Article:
SINGAPORE: Singapore Airlines (SIA) reported a first-quarter net loss of more than US$800 million (RM3.4 billion) on Wednesday, the latest carrier to take a massive hit as a result of the coronavirus pandemic.
Passenger traffic was reduced to almost zero in the three months to June, SIA said, leading to the Asian carrier's biggest-ever quarterly net loss of S$1.12 billion (US$816.58 million).
The numbers extended the flag-carrier's financial bloodletting after losing S$732 million in the 2019 fourth quarter ended March 31, leading to its first-ever annual loss.
"Demand for air travel evaporated as travel restrictions and border controls were imposed around the world to contain the spread of the virus," SIA said.
Earnings from cargo flights were not enough to offset the massive decline in passenger numbers, and group revenue plunged 79.3 per cent year-on-year, it said.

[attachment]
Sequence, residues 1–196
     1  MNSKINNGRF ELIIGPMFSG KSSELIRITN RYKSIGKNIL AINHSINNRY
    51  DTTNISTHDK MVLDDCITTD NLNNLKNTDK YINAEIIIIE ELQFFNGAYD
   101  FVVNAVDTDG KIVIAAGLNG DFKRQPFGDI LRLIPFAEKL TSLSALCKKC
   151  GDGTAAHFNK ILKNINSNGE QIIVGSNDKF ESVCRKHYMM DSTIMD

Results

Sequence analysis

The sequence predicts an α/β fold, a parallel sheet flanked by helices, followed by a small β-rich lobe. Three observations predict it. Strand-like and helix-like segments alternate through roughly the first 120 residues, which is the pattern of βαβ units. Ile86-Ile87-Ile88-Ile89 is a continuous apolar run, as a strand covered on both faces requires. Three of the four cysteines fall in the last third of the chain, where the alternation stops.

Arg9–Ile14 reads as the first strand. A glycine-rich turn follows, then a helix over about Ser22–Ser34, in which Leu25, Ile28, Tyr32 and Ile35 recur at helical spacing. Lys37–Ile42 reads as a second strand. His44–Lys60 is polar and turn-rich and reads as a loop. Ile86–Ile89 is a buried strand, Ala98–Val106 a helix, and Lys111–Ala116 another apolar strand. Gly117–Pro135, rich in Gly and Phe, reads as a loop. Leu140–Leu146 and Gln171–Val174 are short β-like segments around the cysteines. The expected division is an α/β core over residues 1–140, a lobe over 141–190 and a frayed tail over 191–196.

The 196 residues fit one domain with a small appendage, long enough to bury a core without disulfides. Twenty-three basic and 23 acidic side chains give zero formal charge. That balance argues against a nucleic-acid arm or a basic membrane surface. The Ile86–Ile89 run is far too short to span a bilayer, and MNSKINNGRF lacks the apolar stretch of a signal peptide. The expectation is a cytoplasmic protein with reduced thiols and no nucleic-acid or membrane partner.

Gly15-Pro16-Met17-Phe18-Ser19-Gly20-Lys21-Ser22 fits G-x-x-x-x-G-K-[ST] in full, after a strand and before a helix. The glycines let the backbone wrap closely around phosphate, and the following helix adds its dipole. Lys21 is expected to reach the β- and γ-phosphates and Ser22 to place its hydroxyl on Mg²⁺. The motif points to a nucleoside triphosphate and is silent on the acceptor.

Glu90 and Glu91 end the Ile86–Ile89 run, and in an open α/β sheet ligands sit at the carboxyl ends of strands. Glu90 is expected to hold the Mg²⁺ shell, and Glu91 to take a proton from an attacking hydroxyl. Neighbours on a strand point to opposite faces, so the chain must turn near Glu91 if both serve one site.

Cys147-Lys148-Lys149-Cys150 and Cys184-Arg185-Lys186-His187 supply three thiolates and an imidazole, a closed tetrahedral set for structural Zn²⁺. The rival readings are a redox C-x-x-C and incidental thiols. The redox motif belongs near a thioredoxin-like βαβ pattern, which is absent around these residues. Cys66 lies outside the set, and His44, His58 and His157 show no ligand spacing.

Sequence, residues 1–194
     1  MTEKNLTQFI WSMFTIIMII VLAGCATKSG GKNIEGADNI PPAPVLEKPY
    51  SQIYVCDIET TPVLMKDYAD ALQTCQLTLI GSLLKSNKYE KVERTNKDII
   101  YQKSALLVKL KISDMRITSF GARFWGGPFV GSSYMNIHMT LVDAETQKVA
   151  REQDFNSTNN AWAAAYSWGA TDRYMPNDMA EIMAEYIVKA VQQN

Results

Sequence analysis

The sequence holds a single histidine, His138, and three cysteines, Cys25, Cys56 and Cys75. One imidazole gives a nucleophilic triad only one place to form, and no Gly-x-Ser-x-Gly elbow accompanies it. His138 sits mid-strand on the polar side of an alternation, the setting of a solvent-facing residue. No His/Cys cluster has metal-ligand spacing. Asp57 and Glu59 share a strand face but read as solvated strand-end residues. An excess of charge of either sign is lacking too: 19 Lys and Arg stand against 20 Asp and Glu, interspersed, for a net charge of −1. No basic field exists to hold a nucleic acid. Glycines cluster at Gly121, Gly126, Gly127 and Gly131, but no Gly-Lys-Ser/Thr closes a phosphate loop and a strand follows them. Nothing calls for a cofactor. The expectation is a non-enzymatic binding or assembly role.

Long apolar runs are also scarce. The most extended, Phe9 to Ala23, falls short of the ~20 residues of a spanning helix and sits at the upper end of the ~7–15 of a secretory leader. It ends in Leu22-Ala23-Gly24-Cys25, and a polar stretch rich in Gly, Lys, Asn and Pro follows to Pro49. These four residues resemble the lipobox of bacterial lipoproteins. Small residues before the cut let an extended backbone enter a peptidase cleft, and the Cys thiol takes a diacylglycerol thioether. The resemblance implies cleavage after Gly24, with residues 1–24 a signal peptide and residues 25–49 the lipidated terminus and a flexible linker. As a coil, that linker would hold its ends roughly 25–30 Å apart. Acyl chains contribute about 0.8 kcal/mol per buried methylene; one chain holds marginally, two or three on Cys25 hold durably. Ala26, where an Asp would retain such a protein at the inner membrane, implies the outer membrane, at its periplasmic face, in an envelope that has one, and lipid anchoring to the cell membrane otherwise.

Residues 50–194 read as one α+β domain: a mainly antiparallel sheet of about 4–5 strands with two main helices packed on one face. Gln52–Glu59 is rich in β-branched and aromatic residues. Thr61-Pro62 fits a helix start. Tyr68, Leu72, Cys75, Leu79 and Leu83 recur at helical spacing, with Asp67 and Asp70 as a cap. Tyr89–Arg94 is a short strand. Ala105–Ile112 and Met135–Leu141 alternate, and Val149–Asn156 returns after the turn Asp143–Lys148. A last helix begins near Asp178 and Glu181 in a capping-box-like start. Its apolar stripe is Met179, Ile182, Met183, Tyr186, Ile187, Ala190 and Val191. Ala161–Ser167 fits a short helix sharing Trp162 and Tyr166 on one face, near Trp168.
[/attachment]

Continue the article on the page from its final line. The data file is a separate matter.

Shukor Yusof, an analyst with aviation consultancy Endau Analytics, described SIA's first-quarter earnings as "grotesque", reflecting the severity of coronavirus on the global industry.
"Unfortunately, there will be more losses in the coming quarters and which will require SIA to sadly lay-off staff," he told AFP.
It was also unlikely that the bulk of the airline's 19 Airbus A380s would return to service as there would be overcapacity, he said.
Wholly dependent on international routes, the airline was particularly hard-hit by the virus and cut passenger services by 96 per cent from April to June – grounding most of its fleet.
The International Air Transport Association (IATA) estimates that airlines operating in the Asia-Pacific region stand to lose a combined US$27.8 billion this year.
On Tuesday, IATA said global air traffic is unlikely to return to pre-coronavirus levels until at least 2024 – a year later than previously projected.
Among the reasons for this "more pessimistic" outlook is the slow virus containment in the United States and other developed economies, it said.
SIA said it has raised a total S$11 billion in fresh funds to help it weather the crisis, including S$8.8 billion from a rights issue backed by its majority shareholder, state investment fund Temasek Holdings.
Source: New Straits Times https://bit.ly/3fdWcG7